As a whole, SMBs typically aren’t aware of how costly unnecessary meetings are. In fact, studies reveal that an estimated $37B a year across all industries is spent on salaries of those who feel their time is being wasted in meetings. With marketing and sales becoming increasingly complicated, more meetings are required for design, editorial, web development, project management and to simply stay on the same page across teams.
Unless you’re a, “solo-preneur” internal meetings are inevitable. Thankfully, with a few meeting hacks, your team will spend less time talking and more time increasing productivity which will elicit better outcomes for every project you collaborate on.
Get to know your team
Whether you hired them or inherited them, your team is the most important asset for driving successful project outcomes. As the leader, it’s critical to understand motivators at individual levels. Some of us respond well in a time crunch or a crisis. Others require structure, rules of engagement and planning in order to thrive. A team that embraces diverse personalities often ends up with a better outcome through collaboration but to gain that edge it’s important to know how to deliver information in ways the team resonates with. If you haven’t yet, have a one-to-one conversation with each person on your team to better understand their communication and working styles.
Make it productive or don’t schedule it
Nobody wants to walk into a meeting braced to waste time on something they feel doesn’t align with their job role or expertise. If you’re the one setting the meeting or leading a team of people who will be setting meetings, make an agreement not to waste time. Look at the project team list – does every person need to be present? If so, great, invite them all. If not, spare those folks from the drudgery of sitting through one more meeting that leaves them feeling ineffective.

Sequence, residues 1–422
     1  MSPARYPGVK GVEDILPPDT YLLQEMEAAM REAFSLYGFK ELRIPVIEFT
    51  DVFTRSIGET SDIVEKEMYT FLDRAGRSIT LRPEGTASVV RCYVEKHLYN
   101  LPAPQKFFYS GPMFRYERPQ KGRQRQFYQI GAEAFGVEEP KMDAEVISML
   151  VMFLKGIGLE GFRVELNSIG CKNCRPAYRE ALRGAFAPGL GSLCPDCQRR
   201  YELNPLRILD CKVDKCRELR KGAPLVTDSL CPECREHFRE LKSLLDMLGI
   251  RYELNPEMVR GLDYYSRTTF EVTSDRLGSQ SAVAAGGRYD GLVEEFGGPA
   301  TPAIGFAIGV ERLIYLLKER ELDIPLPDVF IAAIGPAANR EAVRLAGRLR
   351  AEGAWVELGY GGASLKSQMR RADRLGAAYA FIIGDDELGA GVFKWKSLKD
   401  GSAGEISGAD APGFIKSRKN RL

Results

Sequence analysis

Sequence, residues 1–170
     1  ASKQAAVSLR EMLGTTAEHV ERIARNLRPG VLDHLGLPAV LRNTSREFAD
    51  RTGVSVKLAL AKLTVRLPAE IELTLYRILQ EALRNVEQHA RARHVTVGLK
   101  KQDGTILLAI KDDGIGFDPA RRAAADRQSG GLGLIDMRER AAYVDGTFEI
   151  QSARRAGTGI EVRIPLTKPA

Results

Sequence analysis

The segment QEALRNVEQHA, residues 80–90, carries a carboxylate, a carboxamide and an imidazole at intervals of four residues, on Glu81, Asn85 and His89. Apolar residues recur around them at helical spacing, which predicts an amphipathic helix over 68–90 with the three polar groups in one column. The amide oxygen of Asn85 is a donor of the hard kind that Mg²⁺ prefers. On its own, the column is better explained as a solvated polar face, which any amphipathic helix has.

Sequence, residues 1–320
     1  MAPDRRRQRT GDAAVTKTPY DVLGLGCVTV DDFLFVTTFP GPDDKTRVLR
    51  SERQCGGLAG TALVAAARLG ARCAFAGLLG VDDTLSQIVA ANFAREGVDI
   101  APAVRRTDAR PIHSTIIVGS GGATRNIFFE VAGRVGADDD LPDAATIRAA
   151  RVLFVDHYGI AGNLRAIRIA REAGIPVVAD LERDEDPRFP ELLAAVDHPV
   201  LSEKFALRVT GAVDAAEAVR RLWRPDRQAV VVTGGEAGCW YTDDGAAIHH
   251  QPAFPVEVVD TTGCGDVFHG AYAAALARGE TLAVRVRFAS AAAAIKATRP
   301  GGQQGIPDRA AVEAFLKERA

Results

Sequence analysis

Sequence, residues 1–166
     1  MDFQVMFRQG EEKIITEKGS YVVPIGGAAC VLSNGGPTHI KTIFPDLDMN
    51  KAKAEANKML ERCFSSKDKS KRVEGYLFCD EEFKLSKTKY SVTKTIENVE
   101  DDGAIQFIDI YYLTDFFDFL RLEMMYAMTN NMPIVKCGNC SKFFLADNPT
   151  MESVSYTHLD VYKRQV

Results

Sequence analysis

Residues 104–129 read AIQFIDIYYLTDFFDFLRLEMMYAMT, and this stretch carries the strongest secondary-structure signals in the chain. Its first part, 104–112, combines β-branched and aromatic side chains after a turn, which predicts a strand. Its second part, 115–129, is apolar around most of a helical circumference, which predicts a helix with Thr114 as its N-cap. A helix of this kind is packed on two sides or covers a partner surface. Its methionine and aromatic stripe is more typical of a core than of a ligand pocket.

Timing. Timing. Timing.
Much of the research points to one truth: it’s important to keep meetings as short as possible. Convey a message or get the feedback you need in 30-minutes or less; that’s the strategy you should work towards. Also (and this goes back to knowing your team) if you’re working with creative folks, for instance, designers, marketers and developers who work remotely, be aware of their time zones and learn which times of day are most productive for meetings so you’re not inadvertently cutting into creative time needed for the project. If the team is scattered or can’t agree on times that work for everyone, follow what the research says: early morning and after lunch are the best times and the end of the day is the worst.
Shoot for the moon but reach for the next galaxy
When projects are in the idea phase, gather the team and get as much input as possible even if the ideas seem outlandish or unrelated. Most teams have a plethora of ideas to bring and leaders should support the sharing and vetting of all of them. To save time at the actual meeting, ask for ideas in advance so your team is prepared to share upon arrival. Then, turn to the entire group to analyze, deconstruct and rejigger those ideas into projects that will enhance the project’s success.
If a team can save even a small fraction of the time spent in meetings, it will add up to more revenue saved, more timely projects and better customer satisfaction. If you have any meeting hacks you’d like to share please contact us.
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